What determines the eligibility for all of your kids?

There are some specific rules regarding qualifications not just for parents and caregivers, but for the children, too. Here’s what to know about dependent qualifications for the child tax credit. You should also see if you’re eligible for a child care tax credit if you paid for a day care, after-school program or babysitter. 


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What if a kid ages out of a bracket by the end of 2021?

If you have a 5-year-old turning 6 by the end of the year, the total payment amount you could get for that child is $3,000. If you have a 17-year-old who turns 18 before the end of the year, you would receive $500 total for that dependent instead of $3,000. If you have a dependent who is a full-time college student and turns 25 this year, you won’t receive any payment for them.

How do 2020 tax returns decide the amount of your child tax credit payment?

You need to file your 2020 taxes to get the credit if you’re a nonfiler. The IRS will automatically make the payments for those who have their taxes filed by the May 17 tax deadline, the IRS Commissioner Charles Rettig said. So if you don’t have your tax return submitted by this time, the IRS won’t know to send you a payment. Also, if you plan to file a tax extension, you’ll likely be able to use the IRS portal, where you can update your information in case you’ve gained dependents since the last tax filing.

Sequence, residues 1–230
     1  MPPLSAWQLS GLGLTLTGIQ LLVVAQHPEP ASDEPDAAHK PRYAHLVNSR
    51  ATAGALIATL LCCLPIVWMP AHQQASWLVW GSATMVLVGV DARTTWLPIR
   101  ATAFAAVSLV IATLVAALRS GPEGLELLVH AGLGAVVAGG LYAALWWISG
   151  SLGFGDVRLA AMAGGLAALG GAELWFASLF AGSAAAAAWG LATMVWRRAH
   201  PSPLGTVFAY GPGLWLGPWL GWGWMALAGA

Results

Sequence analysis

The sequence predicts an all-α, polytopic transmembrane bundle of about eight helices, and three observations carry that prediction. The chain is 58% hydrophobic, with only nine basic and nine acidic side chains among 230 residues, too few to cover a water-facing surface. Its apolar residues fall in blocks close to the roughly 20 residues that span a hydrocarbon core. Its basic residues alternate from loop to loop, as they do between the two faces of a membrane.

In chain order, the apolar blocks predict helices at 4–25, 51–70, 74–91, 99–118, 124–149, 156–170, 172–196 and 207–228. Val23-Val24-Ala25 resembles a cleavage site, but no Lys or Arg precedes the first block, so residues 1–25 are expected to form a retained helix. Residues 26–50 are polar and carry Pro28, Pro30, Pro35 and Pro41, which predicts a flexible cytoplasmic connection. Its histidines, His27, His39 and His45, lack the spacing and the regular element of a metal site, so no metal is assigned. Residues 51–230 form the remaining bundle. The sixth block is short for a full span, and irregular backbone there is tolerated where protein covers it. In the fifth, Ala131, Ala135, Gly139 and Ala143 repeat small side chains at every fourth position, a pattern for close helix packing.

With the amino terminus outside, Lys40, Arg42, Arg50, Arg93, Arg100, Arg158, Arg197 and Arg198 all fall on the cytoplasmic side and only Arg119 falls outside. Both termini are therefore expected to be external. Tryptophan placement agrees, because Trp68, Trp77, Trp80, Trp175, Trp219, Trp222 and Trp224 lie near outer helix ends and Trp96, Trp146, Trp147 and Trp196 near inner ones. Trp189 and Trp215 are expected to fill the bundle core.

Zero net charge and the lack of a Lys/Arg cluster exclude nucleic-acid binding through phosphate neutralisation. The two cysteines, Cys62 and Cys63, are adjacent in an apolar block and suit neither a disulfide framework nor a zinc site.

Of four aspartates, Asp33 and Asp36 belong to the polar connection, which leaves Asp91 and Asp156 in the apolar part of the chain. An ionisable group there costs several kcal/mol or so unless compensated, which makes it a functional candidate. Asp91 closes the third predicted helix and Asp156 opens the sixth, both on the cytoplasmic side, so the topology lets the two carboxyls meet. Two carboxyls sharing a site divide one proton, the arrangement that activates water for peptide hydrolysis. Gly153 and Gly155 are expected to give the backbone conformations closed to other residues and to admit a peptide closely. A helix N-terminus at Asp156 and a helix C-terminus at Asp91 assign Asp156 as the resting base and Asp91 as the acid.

How to take care of IRS overpayment if it happens to you

Your family’s eligibility is determined in large part by your adjusted gross income. So what happens if you get a new job or start making more money in 2021? What happens if the payments have already gone out and you spent the money?

The IRS has a plan for this, a child tax credit portal the agency will make available by July 1 so you can update your information. If you need to make an adjustment, it will lower the payment amounts you’d receive if your new income reaches the phaseout level, according to Garrett Watson, a senior policy analyst at Tax Foundation.

If you wait until 2022 to update your information when you file your taxes and you continue to receive the full amount based on your lower income, you would either have to return the excess money on your 2021 tax return next spring, according to Watson, accept a smaller 2021 refund or owe more in taxes.